Fifth of a series chronicling the Larches of New Orleans as they rebuild their lives in the Washington area.
It's past noon but Michele Larche is still wearing the blue pajamas she bought with her Red Cross debit card, and folding baby clothes donated by strangers. She pauses to hold up an outfit, trying to figure out what might fit her baby -- a boy due mid-October. Just back from Sunday Mass, her husband, Todd, looks on. Their conversation veers, taking them from the Silver Spring living room of Michele's sister and brother in-law, where Hurricane Katrina chased their family of five 31/2 weeks ago, to Louisiana and Texas, where Hurricane Rita got after the rest of their folks Saturday.
Michele's brother Michael, who lived 10 minutes from the Larches in New Orleans, had fled to Beaumont, Tex., and on Friday had to run for the second time. Saturday she talked to her nephew as they were waiting to check into a Best Western outside San Antonio.
Todd's brother Johnny, who lives in Lake Charles, La., about 200 miles west of New Orleans, came through Katrina unscathed. Friday, he made his family evacuate for Rita, but he stayed behind. "Ride it out or die" -- some New Orleans folks think like that, Todd says. Johnny is cut from that cloth. Plus, he's got high blood pressure and hypertension and he weighs nearly 400 pounds.
"What's going on with New Orleans people?" says Michele. "My brother had just gotten an apartment in Beaumont. They hadn't even moved in yet. It's almost like we're being punished for something."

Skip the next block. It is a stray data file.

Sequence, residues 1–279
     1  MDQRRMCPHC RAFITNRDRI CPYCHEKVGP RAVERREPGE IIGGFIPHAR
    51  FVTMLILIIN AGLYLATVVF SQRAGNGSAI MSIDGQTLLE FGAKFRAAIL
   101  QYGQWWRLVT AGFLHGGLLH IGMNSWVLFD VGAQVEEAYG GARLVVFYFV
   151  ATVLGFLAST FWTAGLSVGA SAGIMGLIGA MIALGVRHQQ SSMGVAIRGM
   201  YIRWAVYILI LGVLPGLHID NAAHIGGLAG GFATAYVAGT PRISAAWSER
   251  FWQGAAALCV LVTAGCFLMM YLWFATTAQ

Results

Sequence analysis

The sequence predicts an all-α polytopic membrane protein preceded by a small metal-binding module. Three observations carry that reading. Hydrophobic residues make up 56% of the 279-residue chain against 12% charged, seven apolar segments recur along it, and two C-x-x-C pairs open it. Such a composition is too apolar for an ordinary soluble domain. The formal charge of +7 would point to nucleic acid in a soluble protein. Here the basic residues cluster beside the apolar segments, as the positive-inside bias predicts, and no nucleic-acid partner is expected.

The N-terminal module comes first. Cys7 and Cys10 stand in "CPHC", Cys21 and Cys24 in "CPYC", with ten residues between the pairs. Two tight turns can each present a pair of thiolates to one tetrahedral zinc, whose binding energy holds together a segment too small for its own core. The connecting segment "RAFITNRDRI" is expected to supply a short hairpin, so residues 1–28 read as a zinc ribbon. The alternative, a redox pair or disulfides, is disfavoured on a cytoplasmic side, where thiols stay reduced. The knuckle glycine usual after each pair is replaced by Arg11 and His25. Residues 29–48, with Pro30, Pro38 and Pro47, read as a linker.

"It's not like that," says Todd. "Look what God put the Israelities through and that's his chosen people."
"Johnny was the only person who wasn't really affected and now look what he's going through," says Michele.
"Man, to show you how close it was, on TV they showed this big uprooted tree that split a house in half. That was directly across his street," Todd says.
Michele pauses, holding up a pair of newborn booties. Isn't this nice?
Oh, that's real nice. Who bought that?
Michele resumes folding. "It's too much, it's just too much."
"This morning at homily, the priest had this real deep, deliberate voice," says Todd. "He was talking about the gospel and parables. The priest brought it all down to a neighbor in need, and before you know it, he brought the Gulf Coast into it."
"Remember last year when Florida was getting battered by storms?" asks Michele.
"We were feeling so bad," Todd says. Their 5-year-old daughter, Kristen, "is such a beach baby, she calls it 'my Florida,' she can't stand for anything to happen to Florida."
"I was saying, 'What's taking them so long to rebuild?' " says Michele. "Now the storms are coming our way."
"But still, there's nothing like being told you can't go home," Michele says."It's not like your house burns down and you're devastated, then you pull out the insurance and start to try to rebuilding," says Todd.
"Everybody you know lost their house, so you can't even stay with somebody," says Michele.
"I'm feeling so bad about all the people who don't have any loyalty for New Orleans. Who are just giving up on my city," says Todd. "Michele moved away for three months, but we always come back."
"He always says a prayer whenever we come back from out of town," says Michele. "He says thank God we made it back to New Orleans."
The Larches grow quiet, sinking into their own thoughts. Michele continues sorting baby clothes into piles.
Saturday, Todd was on the phone with his brother Johnny for nearly three hours as Hurricane Rita passed.
They talked about New Orleans, and laughed; they talked about their brother Kirk who died in a motorcycle accident 14 months after their mother's suicide and cried. They held on through the phone, through the storm, until the worst of it passed.
Sunday morning, Todd tried to reach Johnny, but the phone lines were jammed.